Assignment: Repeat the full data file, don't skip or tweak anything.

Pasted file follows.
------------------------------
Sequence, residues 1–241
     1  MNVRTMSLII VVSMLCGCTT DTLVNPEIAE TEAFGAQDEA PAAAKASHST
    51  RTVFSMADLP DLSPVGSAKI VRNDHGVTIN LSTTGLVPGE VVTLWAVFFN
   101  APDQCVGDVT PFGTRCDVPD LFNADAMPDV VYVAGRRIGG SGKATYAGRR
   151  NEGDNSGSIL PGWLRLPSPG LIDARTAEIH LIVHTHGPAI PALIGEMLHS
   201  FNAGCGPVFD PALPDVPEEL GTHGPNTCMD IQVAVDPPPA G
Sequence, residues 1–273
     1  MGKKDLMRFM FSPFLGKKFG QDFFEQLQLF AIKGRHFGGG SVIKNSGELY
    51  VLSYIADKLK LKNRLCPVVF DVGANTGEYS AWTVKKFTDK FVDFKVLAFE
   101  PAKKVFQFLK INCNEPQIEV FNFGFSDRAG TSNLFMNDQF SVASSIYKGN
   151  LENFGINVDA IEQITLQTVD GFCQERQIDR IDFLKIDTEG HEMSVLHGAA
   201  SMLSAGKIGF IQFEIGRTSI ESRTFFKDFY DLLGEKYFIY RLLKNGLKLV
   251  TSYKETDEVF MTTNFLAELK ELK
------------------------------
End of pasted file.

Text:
Sequence, residues 1–241
     1  MNVRTMSLII VVSMLCGCTT DTLVNPEIAE TEAFGAQDEA PAAAKASHST
    51  RTVFSMADLP DLSPVGSAKI VRNDHGVTIN LSTTGLVPGE VVTLWAVFFN
   101  APDQCVGDVT PFGTRCDVPD LFNADAMPDV VYVAGRRIGG SGKATYAGRR
   151  NEGDNSGSIL PGWLRLPSPG LIDARTAEIH LIVHTHGPAI PALIGEMLHS
   201  FNAGCGPVFD PALPDVPEEL GTHGPNTCMD IQVAVDPPPA G
Sequence, residues 1–273
     1  MGKKDLMRFM FSPFLGKKFG QDFFEQLQLF AIKGRHFGGG SVIKNSGELY
    51  VLSYIADKLK LKNRLCPVVF DVGANTGEYS AWTVKKFTDK FVDFKVLAFE
   101  PAKKVFQFLK INCNEPQIEV FNFGFSDRAG TSNLFMNDQF SVASSIYKGN
   151  LENFGINVDA IEQITLQTVD GFCQERQIDR IDFLKIDTEG HEMSVLHGAA
   201  SMLSAGKIGF IQFEIGRTSI ESRTFFKDFY DLLGEKYFIY RLLKNGLKLV
   251  TSYKETDEVF MTTNFLAELK ELK